This is a copy of the Damoxenos sculpture from the Museo of Antonio Canova, the original is housed in the Octagonal Courtyard of the Vatican Museums.
Alongside the other statue, Creugas of Durres, and this work (Damoxenes of Syracuse) replays the narrative of two pugilists who met during the Nemean Games. According to legend, the two were so evenly matched that the competition lasted for hours without a decision. When there was no foreseeable end, both men agreed to take a single, undefended blow from the other. Creugas delivered the first punch, striking Damoxenos on the head. Damoxenos, struck Creugas on the side and tore out his intestines. The Argives disqualified Damoxenos, for killing his opponent and Creugas was posthumously declared the winner.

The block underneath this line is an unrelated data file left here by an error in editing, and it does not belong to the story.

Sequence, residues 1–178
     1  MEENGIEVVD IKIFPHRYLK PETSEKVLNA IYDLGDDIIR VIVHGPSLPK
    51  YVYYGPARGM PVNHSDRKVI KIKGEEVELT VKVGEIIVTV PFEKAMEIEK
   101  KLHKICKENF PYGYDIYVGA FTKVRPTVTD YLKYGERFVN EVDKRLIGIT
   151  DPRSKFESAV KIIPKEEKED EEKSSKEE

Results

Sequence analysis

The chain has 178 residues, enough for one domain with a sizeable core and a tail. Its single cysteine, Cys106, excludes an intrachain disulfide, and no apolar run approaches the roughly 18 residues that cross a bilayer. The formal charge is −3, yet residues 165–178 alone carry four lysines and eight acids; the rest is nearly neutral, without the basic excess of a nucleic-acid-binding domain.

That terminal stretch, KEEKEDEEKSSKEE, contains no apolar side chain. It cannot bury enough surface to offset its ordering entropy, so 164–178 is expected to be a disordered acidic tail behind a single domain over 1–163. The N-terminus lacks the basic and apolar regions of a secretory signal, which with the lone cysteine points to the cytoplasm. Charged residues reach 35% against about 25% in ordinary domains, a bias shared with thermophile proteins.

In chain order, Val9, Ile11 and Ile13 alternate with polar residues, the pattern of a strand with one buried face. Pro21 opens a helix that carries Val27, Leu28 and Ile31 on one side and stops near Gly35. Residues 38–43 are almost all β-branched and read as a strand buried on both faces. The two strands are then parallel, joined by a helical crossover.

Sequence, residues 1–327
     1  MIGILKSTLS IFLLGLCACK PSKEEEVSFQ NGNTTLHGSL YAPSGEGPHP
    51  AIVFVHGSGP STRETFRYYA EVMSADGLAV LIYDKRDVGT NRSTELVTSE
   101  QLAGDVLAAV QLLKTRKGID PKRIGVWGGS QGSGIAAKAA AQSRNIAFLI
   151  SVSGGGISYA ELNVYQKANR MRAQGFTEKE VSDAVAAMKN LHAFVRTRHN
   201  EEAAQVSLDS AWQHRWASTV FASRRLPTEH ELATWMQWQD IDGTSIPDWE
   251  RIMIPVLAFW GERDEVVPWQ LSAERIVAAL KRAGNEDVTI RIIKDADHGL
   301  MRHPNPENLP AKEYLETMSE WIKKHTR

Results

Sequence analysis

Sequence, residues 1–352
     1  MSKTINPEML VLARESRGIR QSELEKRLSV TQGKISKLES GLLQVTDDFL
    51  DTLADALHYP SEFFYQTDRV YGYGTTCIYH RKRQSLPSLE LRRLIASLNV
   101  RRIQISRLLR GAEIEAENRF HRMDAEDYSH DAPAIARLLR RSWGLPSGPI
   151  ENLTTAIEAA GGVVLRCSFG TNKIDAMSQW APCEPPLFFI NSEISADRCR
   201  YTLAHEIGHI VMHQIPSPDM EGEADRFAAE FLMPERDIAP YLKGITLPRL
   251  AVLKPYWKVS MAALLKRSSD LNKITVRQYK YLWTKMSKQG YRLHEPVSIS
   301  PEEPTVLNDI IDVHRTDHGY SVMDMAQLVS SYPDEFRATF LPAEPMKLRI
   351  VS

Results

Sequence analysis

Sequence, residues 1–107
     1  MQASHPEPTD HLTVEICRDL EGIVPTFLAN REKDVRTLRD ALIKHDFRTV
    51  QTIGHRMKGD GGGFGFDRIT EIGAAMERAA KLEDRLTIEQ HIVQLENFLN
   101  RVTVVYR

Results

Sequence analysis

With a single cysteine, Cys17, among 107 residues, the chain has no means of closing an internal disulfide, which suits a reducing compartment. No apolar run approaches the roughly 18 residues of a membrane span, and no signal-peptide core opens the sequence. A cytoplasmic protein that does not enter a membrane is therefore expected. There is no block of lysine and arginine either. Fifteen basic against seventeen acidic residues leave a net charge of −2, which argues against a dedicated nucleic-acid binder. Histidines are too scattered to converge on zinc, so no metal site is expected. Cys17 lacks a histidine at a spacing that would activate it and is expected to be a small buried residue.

In 1795, Canova began working on the preparatory drawings of these subjects for sculptures. A year later, in 1796, both models were ready. The following year, Canova began the marble statue of Creugas, which was completed in 1801. In 1802, the two statues, along with the Perseus, were purchased by Pope Pius VII. Three years later, Canova developed a second model for the Damoxenos.